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I didn't say you were on to something, I said you were on something.
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This is a derivative of my own idea from yesterday , inspired by the onscreen note at .
It's a video camera, or postprocessing software, that recognizes what song is being played in the surroundings and applies an inverted signal of that same song, derived from a streaming service or offline
library, to cancel it out. Then you can more clearly hear other sounds like people speaking. Also, if you post the video on YouTube, you don't have to mute the audio or risk getting it copyright-struck. (Well, you risk that even if you post a video that's entirely black and silent, but it should reduce the risk somewhat.)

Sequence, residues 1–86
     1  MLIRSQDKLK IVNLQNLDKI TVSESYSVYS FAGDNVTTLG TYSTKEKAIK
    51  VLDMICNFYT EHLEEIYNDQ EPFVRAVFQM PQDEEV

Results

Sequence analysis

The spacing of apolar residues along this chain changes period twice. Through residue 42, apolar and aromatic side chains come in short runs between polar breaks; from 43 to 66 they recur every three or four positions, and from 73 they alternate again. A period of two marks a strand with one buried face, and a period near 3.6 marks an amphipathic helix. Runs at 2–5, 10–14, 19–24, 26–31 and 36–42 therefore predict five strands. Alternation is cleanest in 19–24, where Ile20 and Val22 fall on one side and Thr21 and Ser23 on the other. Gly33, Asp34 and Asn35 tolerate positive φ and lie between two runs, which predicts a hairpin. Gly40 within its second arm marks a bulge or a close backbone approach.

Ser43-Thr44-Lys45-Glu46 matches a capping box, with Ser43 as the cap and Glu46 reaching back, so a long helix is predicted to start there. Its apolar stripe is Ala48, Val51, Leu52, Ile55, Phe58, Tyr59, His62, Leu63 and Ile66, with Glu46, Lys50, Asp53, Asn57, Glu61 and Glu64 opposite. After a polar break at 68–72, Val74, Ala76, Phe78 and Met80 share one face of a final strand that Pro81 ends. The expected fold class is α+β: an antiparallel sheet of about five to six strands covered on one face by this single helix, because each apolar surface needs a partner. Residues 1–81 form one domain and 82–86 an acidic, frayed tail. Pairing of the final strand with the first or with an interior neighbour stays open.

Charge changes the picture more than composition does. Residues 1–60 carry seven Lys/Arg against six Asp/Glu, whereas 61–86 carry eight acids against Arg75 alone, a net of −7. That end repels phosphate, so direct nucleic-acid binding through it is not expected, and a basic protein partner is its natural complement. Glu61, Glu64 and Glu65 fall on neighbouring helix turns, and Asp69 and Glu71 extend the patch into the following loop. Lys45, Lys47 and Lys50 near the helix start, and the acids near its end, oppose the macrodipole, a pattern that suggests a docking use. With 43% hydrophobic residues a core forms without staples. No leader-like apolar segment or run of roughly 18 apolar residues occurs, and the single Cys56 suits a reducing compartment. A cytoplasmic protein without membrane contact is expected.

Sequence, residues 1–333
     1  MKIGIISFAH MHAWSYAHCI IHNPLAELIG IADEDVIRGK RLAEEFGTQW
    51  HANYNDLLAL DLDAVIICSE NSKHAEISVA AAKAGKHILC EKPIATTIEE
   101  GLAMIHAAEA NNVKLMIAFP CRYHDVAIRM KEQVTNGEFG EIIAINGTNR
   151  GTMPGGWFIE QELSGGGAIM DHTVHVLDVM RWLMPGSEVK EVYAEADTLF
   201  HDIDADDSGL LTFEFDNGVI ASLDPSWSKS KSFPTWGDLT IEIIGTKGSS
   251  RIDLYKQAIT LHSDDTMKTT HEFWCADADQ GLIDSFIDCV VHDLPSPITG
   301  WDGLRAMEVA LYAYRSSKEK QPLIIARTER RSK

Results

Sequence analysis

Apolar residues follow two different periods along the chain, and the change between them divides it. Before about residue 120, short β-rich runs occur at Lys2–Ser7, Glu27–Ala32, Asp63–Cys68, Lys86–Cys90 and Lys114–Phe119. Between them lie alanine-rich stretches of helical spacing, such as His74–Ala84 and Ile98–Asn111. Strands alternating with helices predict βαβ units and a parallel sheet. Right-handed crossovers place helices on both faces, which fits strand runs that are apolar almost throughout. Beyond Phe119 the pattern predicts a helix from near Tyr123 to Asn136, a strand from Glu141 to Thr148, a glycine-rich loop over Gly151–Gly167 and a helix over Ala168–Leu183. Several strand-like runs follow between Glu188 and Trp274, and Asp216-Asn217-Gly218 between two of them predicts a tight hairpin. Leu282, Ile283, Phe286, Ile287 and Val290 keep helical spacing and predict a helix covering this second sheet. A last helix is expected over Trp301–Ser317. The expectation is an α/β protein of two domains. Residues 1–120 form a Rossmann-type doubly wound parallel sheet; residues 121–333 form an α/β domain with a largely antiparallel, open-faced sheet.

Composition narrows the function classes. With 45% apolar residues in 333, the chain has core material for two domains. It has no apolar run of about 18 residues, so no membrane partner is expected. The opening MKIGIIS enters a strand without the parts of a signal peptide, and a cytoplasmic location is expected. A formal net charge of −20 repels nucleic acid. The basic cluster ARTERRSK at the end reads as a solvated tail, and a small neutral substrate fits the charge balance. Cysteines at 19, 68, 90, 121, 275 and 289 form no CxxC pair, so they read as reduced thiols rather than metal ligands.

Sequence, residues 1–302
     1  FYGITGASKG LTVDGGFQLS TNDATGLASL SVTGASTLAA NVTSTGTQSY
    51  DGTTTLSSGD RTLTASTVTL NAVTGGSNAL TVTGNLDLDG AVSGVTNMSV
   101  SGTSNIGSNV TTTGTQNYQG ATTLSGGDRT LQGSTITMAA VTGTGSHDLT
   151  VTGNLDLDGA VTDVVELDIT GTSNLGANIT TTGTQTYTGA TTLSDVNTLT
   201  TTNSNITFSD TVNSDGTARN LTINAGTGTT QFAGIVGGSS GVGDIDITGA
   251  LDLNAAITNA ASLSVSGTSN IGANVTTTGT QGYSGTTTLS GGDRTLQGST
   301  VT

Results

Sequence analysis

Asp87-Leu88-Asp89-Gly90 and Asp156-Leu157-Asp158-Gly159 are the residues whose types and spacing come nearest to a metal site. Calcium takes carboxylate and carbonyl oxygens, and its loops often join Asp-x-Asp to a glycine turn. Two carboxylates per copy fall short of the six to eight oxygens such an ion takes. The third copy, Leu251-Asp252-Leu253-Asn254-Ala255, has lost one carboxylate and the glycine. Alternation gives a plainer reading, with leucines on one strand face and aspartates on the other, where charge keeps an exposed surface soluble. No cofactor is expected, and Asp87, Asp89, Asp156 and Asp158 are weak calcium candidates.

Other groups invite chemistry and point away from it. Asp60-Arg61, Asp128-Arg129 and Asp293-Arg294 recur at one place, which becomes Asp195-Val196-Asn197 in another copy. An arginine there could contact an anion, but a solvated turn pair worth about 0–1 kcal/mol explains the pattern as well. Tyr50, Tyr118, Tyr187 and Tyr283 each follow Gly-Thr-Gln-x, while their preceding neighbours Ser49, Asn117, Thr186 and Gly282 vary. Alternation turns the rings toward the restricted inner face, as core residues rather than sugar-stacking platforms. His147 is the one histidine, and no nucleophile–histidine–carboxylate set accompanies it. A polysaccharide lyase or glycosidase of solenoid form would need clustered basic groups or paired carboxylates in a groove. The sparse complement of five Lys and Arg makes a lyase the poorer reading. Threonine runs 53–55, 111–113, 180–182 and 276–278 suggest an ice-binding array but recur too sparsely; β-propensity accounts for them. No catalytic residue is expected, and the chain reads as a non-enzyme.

My idea from yesterday that this is derived from [notexactly, Apr 01 2019]
 William Osman: I'm Still Alive (@9:56)
Probably not the best first video from him to watch [notexactly, Apr 01 2019]
||OopsI deleted the previous annotation here, intending to reply to it! If you remember what you said, please post it again.
||(If there was an option to do so, I would disable my ability to delete others' annotations on my ideas, to prevent such mistakes.)
||All I managed to read before I hit the wrong button was a question whether this used or was derived from a fiber-optic microphone, and a question as to how it recognizes songs. For the first of those, noit uses any kind of microphone a video camera commonly uses. For the second, it uses an online service such as SoundHound or Shazam (especially easy if the camera is a smartphone, or if the recognition and canceling is done in post) or a local database of music that gets searched through locally (only practical in post, on a pro editing workstation/server).
||I'd be happy if this was a default setting for the world.